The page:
Rahotu gets the Queen’s telegram


Club News, Our People

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Chances are you’ve probably never heard of ‘Rahotu’.  Let alone been to Rahotu.  And let alone played bowls at Rahotu.

However, Rahotu is quietly famous for a number of reasons.  Five of them.

Firstly, Rahuto is the most westerly settlement in Taranaki.  That sounds about as west as it gets in the North Island of New Zealand, but the shape of Maui’s legendary catch means that the Far North of Kaitaia claims a more westerly place on the planet.

Secondly, it’s just a few kilometres down the road from Parihaka, site of one of the most talked-about land confiscations in New Zealand history.

Thirdly, it’s also just a few kilometres from the Cape Egmont Lighthouse … a ‘second hand’ cast-iron lighthouse that was originally built in London for Mana Island in Wellington Harbour, before being re-homed in Taranaki.

Fourthly, it was the home of the Rahotu Rugby Club where Beauden Barrett played his early game, before continuing to play for the Coastal Rugby Club, an amalgam of Rahotu, Opunake and Okato clubs.  Rahotu is the Barrett family’s backyard.

And fifthly, Rahotu is the home of Bowls Rahotu … a bowling club that will shortly celebrate its centenary.

“The club was formed back in 1920 by local cockies and townspeople” says Secretary/Treasurer Peter Charteris. “The council gave them a bit of land in the Rahotu Domain – enough for a 4-rink green and a small clubhouse. The club started with a membership of 33.”

Eight years later, the local publican of the Rahotu Hotel, Ted Whittle, spotting a way to increase liquor sales, donated land next door to the hotel which the club made its new home by constructing an 8-rink green.

“We’re still in the same place today,” adds Peter, “although ‘new’ clubrooms were built in 1991.”

Over the last hundred years, Rahotu has bowled way above it’s weight in the Taranaki Centre.

“The Pennington’s, David and Len, won numerous centre titles in the 50s and 60s,” recalls Peter, “Their dad, Harry, was a Rahotu club stalwart as well – he built the original clubrooms with the help of other club members.”

The Penningtons head a long list of Rahotu bowlers who have made a splash at centre events.  Names like Des, Eric and Ian Lowry; Gordon Mabey; Bill Mitchell; Gerald Dawson; Cliff Leatherbarrow and more.  “Trevor Wilde, Cor Hofmans, Ray Schultz and Peter Bennett won the HANZ North Island Tournament 4 times – in 1978, 1980, 1981 and 1987.”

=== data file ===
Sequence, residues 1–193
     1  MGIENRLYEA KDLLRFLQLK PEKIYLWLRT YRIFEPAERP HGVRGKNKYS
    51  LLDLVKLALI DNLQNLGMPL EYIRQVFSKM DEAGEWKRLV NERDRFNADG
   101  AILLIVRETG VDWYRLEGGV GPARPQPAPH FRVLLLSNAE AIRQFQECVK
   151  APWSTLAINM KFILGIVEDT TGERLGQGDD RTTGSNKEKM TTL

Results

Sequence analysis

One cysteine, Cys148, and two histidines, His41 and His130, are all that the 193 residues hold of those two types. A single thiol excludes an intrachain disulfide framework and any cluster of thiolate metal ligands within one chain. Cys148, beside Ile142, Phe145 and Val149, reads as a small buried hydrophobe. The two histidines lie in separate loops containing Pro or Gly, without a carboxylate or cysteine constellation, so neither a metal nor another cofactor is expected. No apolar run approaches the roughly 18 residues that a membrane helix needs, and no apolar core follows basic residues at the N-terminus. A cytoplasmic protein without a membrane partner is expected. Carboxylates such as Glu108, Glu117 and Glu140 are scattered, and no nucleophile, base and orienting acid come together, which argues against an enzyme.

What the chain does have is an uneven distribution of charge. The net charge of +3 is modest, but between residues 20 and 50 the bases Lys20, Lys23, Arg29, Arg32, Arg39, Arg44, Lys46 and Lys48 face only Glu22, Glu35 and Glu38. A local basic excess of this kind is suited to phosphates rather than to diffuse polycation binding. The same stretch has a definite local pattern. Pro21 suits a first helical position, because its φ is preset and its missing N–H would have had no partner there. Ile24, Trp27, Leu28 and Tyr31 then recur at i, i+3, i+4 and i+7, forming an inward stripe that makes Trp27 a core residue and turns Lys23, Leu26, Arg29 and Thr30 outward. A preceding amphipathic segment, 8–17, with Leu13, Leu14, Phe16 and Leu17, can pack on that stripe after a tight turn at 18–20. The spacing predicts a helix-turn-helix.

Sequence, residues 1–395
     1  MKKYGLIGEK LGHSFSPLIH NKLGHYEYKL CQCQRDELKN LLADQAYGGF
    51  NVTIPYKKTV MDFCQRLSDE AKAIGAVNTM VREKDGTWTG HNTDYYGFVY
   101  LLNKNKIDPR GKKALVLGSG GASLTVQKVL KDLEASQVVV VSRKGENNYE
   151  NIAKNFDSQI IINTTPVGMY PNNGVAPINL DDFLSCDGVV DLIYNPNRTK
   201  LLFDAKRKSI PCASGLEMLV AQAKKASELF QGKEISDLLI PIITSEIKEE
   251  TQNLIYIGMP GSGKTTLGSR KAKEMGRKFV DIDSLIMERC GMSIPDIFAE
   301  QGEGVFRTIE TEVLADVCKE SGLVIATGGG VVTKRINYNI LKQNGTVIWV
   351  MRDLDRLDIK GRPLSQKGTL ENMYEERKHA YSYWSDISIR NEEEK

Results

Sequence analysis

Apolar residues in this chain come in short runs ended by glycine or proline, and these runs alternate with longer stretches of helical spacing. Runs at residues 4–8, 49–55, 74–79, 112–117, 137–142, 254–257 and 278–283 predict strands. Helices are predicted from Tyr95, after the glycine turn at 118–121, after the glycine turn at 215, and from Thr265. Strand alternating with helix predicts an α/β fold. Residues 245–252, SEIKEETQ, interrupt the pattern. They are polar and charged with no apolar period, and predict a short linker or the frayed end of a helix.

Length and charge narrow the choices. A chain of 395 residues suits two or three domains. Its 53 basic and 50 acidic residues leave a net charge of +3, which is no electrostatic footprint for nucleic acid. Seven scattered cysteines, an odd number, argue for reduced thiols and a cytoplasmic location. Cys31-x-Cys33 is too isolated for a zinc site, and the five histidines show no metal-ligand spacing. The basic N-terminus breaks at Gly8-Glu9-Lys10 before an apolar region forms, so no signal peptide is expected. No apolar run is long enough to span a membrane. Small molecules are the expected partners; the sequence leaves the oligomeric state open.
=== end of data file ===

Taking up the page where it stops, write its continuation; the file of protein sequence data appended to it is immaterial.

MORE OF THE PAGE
Many of Rahotu’s stars now play at the West End Bowling Club in New Plymouth.  “A lot of our players end up retiring in town,” says Peter,” but they still retain a soft spot for Rahotu.”  So much so, that the challenge for the West End – Rahotu ‘Log of Wood’, created in 1987, has become a twice-a-year fixture between ‘the Townies and the Coast’.

As has competition for ‘the Horns’ – an annual fixture between the Waitara Bowling Club and Bowls Rahotu.  “One of our juniors, Ivan Harris, created the trophy when he moved to Waitara and went to work for Borthwicks in Waitara.  A huge steer from Pungarehu arrived at the works one day with near perfect horns, and Ian decided the preserved and mounted horns would make a great trophy between his new club at Waitara and his former club at Rahotu.”

“They’re just a couple of the tournaments that have become annual fixtures here,” says Peter.

“We have 4 days during the season when the whole community seems to turn up to play progressive bowls.  We’ve had ‘Barrett Days” over the past few years, where Smiley has got his kids released from rugby for the day, and got them along to play bowls.  The locals love the fact that the Barrett boys still enjoy coming home to where they grew up. And to where their 4 grandparents played bowls.  Three of them played at Rahotu while Ted Barrett played down the road at Warea and Oakura.”

It’s probably a Kiwi thing.  We like our heroes to stay humble and grounded.  It’s probably the egalitarianism many of us inherited from our ancestors who fled the class society of the home country.

It’s also what makes communities like Rahotu tick.

“We’re not just a bowling club,” observes Peter, “the local Lions Club uses our clubrooms, as does the local primary school.  In turn, we get fabulous support from the whole community – at last count, 34 local businesses sponsored Bowls Rahotu.”

At 100 years old, Bowls Rahotu is doing an amazing job.  All with just one cotula green, 20+ playing members and 10+ social members.

Congratulations Rahotu.